The 35th anniversary release (pic: Grattamacco)
Italy Wine

Grattamacco: 35 years in the making

Grattamacco, one of the first generation of Super Tuscan icons in Bolgheri, is celebrating its 35th anniversary since releasing its namesake flagship Bordeaux blend.

Much has been said about the other Super Tuscan in Bolgheri – Sassicaia, fêted by critics, adored by celebrities and sought after by collectors. Not much has been said about its close second, Grattamacco, the second winery set up in Italy’s coastal Bolgheri and a true champion of Bolgheri.

Located on top of a hill facing the Tyrrhenian Sea between Castagneto Carducci and Bolgheri, the winery was founded by Piermario Meletti Cavallari, an adventurous entrepreneur who followed Mario Incisa della Rocchetta’s footsteps to Bolgheri in 1977.

Grattamacco estate is located 100 and 200 meters above sea level in the coastal Bolgheri in Tuscany (pic: Grattamacco)

Its creation today was not what one would call a calculated investment choice, but what the estate winemaker Luca Marrone describes as “a gamble” into “the wild west”.

Bolgheri in the 1970s was hardly the idyllic coastal town it is now. Punctuating its vast unfarmed land was sparse vineyards making nondescript white wines and rosé.

“It was a gamble at the beginning because no one wanted to come over, no hot water, no electricity and it was like the wild west, and his wife decided to join him two years later, after they set up the infrastructure,” says Marrone.

It took them five years to build the winery and revitalize the long-neglected vineyards with care and newly planted Bordeaux varietals. In 1982 the winery released its first vintage by blending Cabernet Sauvignon, Merlot and Sangiovese, three years ahead of Ornellaia’s first vintage release.

Interestingly, it is also the first winery to put ‘Bolgheri’ on its label for its top wine ‘Grattamacco Rosso Superiore’, at a time when the much more adorned moniker ‘Super Tuscan’ in the 1980s guarantees fame and what comes with it – commercial success.

From left to right: Nicolò Incisa della Rocchetta (Sassicaia-Tenuta San Guido), Lodovico Antinori (founder of Tenute dell’Ornellaia), Piermario Meletti Cavallari (founder of Grattamacco), Michele Satta and Piero Antinori (Guado al Tasso) meet in 1994 at Grattamacco winery when the new DOC rules allowed for red wine production. (pic: Grattamacco)

Together with the first generation of icons, the likes of Sassicaia, Ornellaia and Antinori, Grattamacco’s founder Cavallari played an instrumental role in revising the DOC regulations in 1994 to include red wine. Up till then, despite Super Tuscan and Bolgheri’s new-found celebrity, DOC only permits white and rose wines. Red wines produced from the region were snubbed as vino da tavola (table wine) albeit rave critic reviews and market demand.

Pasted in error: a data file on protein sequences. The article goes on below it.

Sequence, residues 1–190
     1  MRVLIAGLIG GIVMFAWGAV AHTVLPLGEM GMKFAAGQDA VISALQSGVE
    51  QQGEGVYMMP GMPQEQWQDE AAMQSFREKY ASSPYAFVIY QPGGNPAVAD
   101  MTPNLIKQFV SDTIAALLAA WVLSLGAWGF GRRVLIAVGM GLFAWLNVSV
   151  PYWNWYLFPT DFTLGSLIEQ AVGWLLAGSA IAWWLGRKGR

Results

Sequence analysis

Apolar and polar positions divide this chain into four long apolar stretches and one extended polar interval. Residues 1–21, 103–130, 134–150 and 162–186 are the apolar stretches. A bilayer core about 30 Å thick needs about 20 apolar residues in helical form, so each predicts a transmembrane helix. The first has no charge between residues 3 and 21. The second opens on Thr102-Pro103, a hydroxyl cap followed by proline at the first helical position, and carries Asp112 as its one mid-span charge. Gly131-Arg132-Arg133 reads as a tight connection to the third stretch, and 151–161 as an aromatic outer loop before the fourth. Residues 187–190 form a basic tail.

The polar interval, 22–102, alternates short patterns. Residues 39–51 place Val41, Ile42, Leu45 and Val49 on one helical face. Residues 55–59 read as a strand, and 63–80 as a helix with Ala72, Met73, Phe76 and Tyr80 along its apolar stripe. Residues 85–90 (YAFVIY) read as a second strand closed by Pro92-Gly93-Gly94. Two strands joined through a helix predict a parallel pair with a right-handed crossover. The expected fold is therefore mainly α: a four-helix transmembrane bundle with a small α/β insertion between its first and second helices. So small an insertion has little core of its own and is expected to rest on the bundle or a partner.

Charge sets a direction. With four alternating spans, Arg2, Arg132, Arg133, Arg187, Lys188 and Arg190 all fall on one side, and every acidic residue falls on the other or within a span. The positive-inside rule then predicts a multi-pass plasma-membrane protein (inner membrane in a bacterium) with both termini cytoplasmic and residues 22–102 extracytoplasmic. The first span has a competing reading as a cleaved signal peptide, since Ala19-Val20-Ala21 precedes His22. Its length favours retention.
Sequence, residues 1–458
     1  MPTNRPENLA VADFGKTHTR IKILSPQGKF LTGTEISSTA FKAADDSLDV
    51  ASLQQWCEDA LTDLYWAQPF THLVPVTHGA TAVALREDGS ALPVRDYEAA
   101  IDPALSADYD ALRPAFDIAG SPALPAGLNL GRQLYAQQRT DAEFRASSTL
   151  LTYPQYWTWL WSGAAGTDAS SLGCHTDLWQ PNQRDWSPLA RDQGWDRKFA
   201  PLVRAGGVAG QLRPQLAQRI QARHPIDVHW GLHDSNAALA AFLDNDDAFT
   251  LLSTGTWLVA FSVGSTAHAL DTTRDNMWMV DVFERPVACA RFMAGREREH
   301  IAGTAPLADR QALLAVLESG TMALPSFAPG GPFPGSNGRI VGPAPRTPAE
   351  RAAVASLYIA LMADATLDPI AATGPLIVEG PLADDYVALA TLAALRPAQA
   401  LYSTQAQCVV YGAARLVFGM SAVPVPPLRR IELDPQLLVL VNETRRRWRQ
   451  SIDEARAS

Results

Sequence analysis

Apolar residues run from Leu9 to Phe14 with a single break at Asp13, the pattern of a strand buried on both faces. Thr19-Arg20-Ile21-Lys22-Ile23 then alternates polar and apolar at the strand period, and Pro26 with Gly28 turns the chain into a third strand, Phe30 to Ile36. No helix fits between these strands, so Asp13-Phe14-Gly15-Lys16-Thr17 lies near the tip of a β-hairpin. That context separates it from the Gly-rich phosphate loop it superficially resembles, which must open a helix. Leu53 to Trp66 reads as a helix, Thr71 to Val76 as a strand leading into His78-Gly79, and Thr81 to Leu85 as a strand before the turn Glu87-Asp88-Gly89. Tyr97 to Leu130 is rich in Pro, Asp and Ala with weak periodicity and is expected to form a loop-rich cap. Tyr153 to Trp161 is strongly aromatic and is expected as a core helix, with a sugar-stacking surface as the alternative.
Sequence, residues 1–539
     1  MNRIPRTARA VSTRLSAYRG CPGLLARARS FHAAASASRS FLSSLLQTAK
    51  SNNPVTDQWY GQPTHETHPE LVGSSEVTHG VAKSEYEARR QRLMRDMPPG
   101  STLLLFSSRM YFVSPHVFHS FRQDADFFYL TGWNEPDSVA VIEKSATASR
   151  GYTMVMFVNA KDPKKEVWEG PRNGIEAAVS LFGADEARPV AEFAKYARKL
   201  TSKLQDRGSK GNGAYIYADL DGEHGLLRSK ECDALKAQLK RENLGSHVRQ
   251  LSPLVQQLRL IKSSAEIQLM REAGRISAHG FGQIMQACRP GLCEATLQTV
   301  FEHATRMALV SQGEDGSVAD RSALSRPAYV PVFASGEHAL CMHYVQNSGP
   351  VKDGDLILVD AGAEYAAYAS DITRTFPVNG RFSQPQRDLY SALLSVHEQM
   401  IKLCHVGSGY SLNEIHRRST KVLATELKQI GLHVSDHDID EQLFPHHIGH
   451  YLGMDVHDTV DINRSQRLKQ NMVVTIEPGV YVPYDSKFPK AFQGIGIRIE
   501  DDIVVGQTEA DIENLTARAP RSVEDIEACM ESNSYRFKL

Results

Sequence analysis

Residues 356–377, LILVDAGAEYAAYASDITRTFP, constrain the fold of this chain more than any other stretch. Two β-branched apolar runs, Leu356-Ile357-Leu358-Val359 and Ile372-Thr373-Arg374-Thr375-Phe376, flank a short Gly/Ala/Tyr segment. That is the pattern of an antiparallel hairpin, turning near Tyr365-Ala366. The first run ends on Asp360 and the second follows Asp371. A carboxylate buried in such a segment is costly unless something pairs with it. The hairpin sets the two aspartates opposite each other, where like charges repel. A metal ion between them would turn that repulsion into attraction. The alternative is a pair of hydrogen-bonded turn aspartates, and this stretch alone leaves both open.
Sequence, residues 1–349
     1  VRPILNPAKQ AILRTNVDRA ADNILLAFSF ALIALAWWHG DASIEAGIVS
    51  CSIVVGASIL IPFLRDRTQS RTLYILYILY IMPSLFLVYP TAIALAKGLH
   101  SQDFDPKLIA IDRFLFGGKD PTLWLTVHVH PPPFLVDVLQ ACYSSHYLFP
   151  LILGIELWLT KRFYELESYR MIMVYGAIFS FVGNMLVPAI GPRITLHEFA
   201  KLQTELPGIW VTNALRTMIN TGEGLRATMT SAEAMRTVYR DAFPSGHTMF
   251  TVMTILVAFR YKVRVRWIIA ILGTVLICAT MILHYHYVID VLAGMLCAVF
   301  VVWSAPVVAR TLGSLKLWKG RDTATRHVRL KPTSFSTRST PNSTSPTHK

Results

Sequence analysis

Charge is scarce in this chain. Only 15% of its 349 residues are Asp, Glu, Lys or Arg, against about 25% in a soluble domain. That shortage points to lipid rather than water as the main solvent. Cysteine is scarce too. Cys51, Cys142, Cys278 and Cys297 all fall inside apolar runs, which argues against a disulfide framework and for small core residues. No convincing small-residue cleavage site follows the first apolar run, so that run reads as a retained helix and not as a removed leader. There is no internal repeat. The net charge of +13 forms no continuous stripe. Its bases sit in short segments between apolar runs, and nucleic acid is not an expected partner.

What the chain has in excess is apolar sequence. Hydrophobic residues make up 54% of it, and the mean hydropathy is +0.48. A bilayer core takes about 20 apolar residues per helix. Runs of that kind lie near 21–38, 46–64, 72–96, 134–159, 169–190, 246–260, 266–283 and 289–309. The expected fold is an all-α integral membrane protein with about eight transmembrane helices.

The winery’s contribution to Bolgheri extends to its zoning study, laying the foundation to understand the region’s terroir. The winery worked with Bolgheri consortium, and professor Attilio Scienza of the University of Milan on a zoning study of the viticultural area of Bolgheri, one of the first studies of its kind in Italy back then.

2017 Vintage, 35th anniversary

2017 vintage is the 35th anniversary of Grattamacco Rosso Superiore, the second Super Tuscan from Bolgheri after Sassicaia. (pic: Gratttamacco)

Today, the estate is owned by the Tipa-Bertarelli Family and sprawls an area of about 80 hectares, of which 28 are vineyards and 14 are olive groves. Its wines, particularly the flagship Grattamacco Rosso Superiore is lauded by critics for its elegance and finesse. “Grattamacco is not for power. That’s not the style. Extraction has always been very gentle,” says winemaker Marrone. “Our wine is kind of marathon wine, not a sprinter.”

Its 35th anniversary release is celebrated with a special bottle release with the number 35 scrolling across its front label. Made from 65% Cabernet Sauvignon, 20% Merlot and 15% Sangiovese, the same blend in the inaugural vintage, the wine is among among the best examples to represent the estate’s commitment to producing elegant and balanced wines, considering the 2017 vintage was not the easiest vintage to work with, according to Marrone.

From left to right: Claudio Tipa, owner of Grattamacco, and Luca Marrone, head winemaker at Grattamacco (pic: Grattamacco)

The wine shows mouthwatering juicy notes of black currant, wild berries and hints of cedar, dried herbs and pepper, without any hint of the burned fruits or jammy notes that often mars a hot vintage. The 2017 vintage, coincidently, is the warmest vintage of recent memory for Marrone, who has 15 vintages and counting under his belt at the Bolgheri estate.

“The year 2017 started with a mild winter and this condition anticipated the growing season. Spring was characterized by hot weather with very little rain and subsequently the summer season was warm with dry weather resulting in a quick ripening and an early harvest,” the winemaker commented.

“Even though it’s a challenging vintage, the experience and expertise we had, and the additional vine age showed more resistance,” he said in relief, confessing in fact it was more thrilling to produce a great wine in trying vintage.

“In challenging vintages, as a winemaker you actually gain more satisfaction from making a wine that has dignity,” he says.

Located 100 and 200 meters above sea level, the winery also practices organic farming. Its flagship Grattamacco is made every year around 60,000 bottles. Aside from the flagship wine, it makes Bordeaux blend L’Alberello Bolgheri Superiore, Bolgheri Rosso and a Vermentino. Its total production stands around 180,000 bottles a year, with around 15% exported to Asia.

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